I'm new to Machine Learning and Statistics so pardon me if I say anything ridiculous.

By "test set" I mean the set that we evaluate the final hypothesis and then report the final result (e.g. test error) that is an unbiased estimate of the corresponding out-of-sample result (e.g. out-of-sample error).

By "validation set" I mean the set that we use to do model selection or parameter tuning to choose out the final hypothesis. The best result found on the validation set is biased by definition (if you evaluate only one hypothesis on the validation set, then the validation set is a test set).

I am sorry for the two above lengthy paragraphs as I want to be sure that we are talking about the same thing. Now come the main question:

Why do we want to calculate ROC curve on test set?

In many other resources that I read, they calculated ROC curve on either training set or test set without a clear definition of "test set", so pardon me if I read it wrong. However, I'm still curious if in the case of the test set by my above definition, what is so the point of calculating ROC curve? Isn't the threshold choice made on the training set (which is perhaps heavily optimistically biased) or the validation set (which might be less optimistically biased)? Doesn't the test set become a validation set if we make threshold choice on it?

The procedure that sounds reasonable to me is that we calculate ROC curve on the validation set to do model selection / parameter tuning and threshold selection based on the ROC curve.

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    $\begingroup$ The Area Under the Curve (AUC) is a measure of discriminatory power. If you want an out of sample estimate of it then you have to estimate it on the test set? $\endgroup$ – user83346 Mar 6 '17 at 5:32
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    $\begingroup$ I understand the confusion and think it is mainly caused by semantics. In the field I'm in we usually say 'development'-set to indicate the data which is used for model selection and tuning, while 'validation'-set is the set in which we check the out-of-sample performance or external validity. Regarding your Q, IMO the ROC or AUC as @fcop states, is a reasonable performance measure, but only describes discrimination (can the model discern between two groups), while the AUC does not assess whether the predicted probability are correct (calibration). So yes, you can use it, but not on its own. $\endgroup$ – IWS Mar 6 '17 at 8:15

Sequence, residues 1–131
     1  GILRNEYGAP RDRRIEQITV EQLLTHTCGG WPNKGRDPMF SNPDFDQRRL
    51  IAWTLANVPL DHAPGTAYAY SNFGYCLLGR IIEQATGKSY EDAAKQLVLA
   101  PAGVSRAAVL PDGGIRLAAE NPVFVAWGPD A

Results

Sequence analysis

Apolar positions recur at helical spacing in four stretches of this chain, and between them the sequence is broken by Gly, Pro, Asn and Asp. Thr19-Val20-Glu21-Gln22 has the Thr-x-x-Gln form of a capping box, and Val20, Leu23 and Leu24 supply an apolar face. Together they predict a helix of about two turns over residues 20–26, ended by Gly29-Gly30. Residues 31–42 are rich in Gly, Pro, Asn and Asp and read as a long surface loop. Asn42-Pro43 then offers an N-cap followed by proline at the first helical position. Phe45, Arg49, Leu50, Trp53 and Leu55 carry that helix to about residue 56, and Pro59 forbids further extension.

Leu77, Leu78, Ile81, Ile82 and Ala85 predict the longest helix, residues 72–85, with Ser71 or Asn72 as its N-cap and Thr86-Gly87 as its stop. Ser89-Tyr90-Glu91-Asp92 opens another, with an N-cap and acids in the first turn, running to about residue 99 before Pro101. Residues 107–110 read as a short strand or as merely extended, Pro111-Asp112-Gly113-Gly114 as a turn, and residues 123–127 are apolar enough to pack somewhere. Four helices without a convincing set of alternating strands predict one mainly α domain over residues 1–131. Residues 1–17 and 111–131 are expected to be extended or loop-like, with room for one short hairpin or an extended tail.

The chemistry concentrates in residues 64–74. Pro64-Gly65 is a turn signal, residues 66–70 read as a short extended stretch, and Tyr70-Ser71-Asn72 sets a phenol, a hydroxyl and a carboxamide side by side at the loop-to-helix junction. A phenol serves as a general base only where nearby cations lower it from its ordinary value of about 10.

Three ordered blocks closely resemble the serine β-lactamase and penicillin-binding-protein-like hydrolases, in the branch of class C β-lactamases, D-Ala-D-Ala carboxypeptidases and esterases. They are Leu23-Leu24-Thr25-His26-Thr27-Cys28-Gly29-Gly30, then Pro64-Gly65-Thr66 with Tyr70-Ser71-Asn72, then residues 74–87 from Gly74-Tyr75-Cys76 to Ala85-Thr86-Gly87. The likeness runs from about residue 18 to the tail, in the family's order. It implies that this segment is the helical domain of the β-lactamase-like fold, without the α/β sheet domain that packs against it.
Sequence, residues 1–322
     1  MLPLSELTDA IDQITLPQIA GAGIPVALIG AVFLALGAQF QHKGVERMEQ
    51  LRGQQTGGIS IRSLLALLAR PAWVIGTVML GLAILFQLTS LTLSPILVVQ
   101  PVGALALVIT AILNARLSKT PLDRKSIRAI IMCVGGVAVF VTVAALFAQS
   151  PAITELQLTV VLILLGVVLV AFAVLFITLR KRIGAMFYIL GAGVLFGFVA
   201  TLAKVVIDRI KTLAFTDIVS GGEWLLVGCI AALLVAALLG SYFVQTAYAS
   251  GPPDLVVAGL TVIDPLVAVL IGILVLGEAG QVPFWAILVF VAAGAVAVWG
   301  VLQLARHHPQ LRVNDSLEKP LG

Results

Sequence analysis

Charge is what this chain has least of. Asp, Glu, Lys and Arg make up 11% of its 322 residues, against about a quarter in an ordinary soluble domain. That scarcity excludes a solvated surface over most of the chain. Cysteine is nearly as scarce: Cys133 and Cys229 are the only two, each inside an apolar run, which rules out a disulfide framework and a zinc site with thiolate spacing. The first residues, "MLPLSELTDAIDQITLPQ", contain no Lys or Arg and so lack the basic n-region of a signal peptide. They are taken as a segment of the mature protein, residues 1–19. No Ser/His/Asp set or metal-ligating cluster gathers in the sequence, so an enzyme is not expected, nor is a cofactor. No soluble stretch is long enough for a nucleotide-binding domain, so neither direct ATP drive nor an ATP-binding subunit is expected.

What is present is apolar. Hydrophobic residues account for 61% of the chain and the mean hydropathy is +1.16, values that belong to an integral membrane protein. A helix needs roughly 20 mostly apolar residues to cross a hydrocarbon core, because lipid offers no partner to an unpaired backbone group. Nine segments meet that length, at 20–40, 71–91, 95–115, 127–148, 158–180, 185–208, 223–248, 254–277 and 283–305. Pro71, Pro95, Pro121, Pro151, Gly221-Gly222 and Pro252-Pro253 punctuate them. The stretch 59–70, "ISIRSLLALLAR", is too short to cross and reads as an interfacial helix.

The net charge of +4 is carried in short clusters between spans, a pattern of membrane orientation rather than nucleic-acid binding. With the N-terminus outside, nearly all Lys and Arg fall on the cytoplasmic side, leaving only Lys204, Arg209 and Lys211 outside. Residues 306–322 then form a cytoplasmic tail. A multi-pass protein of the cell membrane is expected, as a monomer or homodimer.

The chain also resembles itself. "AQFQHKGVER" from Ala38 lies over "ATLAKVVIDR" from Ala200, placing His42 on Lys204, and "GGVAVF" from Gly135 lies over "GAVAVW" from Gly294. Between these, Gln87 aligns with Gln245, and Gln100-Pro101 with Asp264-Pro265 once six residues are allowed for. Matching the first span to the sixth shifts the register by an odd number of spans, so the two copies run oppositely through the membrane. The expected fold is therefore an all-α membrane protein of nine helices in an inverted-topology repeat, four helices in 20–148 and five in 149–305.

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    $\begingroup$ This is not what one normally mean by validation set, which is probably why you're confused. See the following Q&A for the "standard" definitions: stats.stackexchange.com/questions/19048/… $\endgroup$ – Calimo Mar 6 '17 at 8:34
  • $\begingroup$ Thank you very much for your replies, may I ask the "calibration" that @IWS mentioned is the "calibration plot" in this? $\endgroup$ – ntvy95 Mar 7 '17 at 0:47
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    $\begingroup$ The calibration plot in your reference is indeed the visualization of the "calibration" I referred to. After reading the post @calimo referenced to, I would like to point your and other readers' attention to it as well, as it probably captures CrossValidated's semantics better than my comment above. $\endgroup$ – IWS Mar 7 '17 at 9:21

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